[Okonkwo] was a man of action, a man of war. Unlike his father he could stand the look of blood.

When Umuofia’s town crier beats his drum one night to call the village to a meeting in the morning, Okonkwo speculates that the meeting may be about a clash with a neighboring clan. The narrator insists that such a prospect does not disturb Okonkwo, who has proven himself many times as “a man of war.” Okonkwo’s achievements in battle distinguish him from his father, Unoka, who does not possess the same masculine drive as his son, and whom Okonkwo sees as a coward.

Okonkwo encouraged the boys to sit with him in his obi, and he told them stories of the land—masculine stories of violence and bloodshed. Nwoye knew that it was right to be masculine and to be violent, but somehow he still preferred the stories that his mother used to tell.

Okonkwo recognizes Nwoye’s predilection for the kinds of folktales his mother tells, and Okonkwo sees this as a cause for concern. In order to grow into a proper man, Okonkwo believes that Nwoye, along with his other sons, should be brought up on “masculine stories of violence and bloodshed.” For his part, Nwoye understands what his father expects of him, yet he secretly maintains his preference for stories that do not foreground violence. This fundamental disagreement points to the emotional distance between father and son, and prefigures Nwoye’s eventual conversion to Christianity.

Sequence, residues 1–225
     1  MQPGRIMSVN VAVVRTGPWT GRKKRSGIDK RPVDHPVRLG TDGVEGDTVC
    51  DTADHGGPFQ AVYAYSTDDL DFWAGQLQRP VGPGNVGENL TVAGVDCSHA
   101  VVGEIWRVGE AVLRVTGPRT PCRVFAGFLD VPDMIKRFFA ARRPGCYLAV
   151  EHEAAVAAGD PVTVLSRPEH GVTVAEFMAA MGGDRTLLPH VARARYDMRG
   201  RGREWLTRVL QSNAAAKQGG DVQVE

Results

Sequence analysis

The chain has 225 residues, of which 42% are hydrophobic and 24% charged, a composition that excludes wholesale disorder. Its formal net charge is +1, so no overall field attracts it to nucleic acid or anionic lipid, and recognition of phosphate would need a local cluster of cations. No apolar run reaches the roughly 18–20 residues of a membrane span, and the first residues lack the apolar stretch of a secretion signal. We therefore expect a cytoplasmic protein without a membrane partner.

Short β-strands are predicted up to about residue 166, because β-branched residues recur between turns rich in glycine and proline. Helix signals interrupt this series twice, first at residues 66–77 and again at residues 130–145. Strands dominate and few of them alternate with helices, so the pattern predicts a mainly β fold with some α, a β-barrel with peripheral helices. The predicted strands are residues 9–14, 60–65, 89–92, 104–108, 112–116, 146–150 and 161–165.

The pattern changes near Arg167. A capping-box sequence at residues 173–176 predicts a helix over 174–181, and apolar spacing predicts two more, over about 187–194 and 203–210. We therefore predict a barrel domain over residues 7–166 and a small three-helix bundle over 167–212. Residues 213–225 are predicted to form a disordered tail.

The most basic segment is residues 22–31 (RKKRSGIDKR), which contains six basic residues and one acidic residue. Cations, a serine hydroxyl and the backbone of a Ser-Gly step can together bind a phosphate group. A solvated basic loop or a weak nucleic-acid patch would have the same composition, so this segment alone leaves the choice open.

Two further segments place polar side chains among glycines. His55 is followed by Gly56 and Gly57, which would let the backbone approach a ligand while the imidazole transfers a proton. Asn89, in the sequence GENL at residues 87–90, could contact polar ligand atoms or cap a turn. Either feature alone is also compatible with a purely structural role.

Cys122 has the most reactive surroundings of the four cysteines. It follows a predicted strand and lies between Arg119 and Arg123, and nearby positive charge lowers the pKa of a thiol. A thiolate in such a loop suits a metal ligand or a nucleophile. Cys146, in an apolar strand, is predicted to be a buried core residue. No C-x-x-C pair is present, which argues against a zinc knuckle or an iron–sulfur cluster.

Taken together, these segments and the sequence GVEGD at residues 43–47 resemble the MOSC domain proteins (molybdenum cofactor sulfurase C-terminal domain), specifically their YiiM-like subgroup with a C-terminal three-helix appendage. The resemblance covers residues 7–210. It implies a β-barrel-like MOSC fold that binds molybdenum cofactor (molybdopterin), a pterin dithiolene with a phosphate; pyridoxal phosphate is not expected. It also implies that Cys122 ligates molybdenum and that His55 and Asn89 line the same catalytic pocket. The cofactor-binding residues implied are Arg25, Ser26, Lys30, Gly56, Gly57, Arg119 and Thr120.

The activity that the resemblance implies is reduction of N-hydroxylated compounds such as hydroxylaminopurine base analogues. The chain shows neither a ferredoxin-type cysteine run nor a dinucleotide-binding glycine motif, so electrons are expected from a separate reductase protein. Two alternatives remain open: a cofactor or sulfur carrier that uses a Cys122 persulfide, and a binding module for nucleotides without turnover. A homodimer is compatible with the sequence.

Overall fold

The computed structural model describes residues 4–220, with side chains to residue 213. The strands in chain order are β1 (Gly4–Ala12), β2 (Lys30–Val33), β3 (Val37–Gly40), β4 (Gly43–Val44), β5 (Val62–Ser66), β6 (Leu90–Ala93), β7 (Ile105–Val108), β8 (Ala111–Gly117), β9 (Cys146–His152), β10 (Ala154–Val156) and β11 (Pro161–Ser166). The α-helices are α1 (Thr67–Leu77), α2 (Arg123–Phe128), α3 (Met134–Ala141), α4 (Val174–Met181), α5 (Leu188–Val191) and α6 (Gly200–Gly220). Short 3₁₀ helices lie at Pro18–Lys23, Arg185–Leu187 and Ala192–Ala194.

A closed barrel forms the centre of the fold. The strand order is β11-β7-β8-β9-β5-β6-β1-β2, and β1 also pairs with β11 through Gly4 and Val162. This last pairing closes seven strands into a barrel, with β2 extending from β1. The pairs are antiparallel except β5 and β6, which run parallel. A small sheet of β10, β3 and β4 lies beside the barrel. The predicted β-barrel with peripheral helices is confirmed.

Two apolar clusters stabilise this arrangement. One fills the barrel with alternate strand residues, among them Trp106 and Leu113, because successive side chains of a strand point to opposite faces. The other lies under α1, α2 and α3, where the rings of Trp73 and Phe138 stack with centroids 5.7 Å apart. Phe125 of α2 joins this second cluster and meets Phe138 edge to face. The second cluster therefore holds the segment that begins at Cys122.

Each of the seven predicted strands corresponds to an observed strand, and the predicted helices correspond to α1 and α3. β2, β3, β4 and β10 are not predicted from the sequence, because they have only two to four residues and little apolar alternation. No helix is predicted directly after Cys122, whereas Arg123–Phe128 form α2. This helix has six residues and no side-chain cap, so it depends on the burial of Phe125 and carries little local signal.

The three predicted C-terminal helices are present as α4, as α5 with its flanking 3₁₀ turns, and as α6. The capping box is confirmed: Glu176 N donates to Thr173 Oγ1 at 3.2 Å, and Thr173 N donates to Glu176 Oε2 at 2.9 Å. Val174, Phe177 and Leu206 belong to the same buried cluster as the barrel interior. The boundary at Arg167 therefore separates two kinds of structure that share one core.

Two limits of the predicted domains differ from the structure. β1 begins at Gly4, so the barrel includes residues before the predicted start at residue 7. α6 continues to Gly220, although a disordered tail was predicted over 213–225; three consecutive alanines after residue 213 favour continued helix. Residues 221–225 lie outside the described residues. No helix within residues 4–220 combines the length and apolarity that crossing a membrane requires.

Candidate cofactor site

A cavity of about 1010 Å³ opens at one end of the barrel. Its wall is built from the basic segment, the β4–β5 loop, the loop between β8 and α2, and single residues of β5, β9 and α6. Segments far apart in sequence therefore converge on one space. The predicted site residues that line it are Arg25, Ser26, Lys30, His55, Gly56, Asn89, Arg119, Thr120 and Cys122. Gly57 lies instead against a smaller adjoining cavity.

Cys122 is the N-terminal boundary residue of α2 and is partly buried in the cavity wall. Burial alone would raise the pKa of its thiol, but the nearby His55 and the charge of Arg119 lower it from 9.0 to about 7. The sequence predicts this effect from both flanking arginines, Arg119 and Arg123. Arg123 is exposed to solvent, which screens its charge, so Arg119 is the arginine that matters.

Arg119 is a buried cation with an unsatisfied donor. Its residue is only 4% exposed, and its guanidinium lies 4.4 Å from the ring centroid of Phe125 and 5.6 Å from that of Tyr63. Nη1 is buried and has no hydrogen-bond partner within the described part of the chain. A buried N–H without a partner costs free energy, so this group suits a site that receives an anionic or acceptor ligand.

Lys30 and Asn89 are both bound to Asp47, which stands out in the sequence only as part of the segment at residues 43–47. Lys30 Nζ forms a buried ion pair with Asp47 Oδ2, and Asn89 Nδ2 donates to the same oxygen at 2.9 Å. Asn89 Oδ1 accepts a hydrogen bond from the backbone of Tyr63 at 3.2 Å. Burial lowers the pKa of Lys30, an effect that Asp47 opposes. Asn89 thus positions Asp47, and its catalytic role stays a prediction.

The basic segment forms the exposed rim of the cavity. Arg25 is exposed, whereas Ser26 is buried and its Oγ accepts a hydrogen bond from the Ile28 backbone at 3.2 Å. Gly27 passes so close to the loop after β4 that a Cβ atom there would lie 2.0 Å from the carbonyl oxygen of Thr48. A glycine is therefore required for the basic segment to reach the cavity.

“I have only a short while to live, and so have Uchendu and Unachukwu and Emefo. But I fear for you young people because you do not understand how strong is the bond of kinship. You do not know what it is to speak with one voice.”

The man who speaks these words is an unnamed elder from Okonkwo’s umunna (i.e., his mother’s clan). This elder addresses a group of young men and expresses his concerns about the obsolescence of Igbo traditions and the consequent dissolution of cultural and familial bonds. These words powerfully foreshadow the experience Okonkwo will have when he returns to Umuofia following his exile and finds his fatherland increasingly divided as more and more villagers flock to the Christian mission.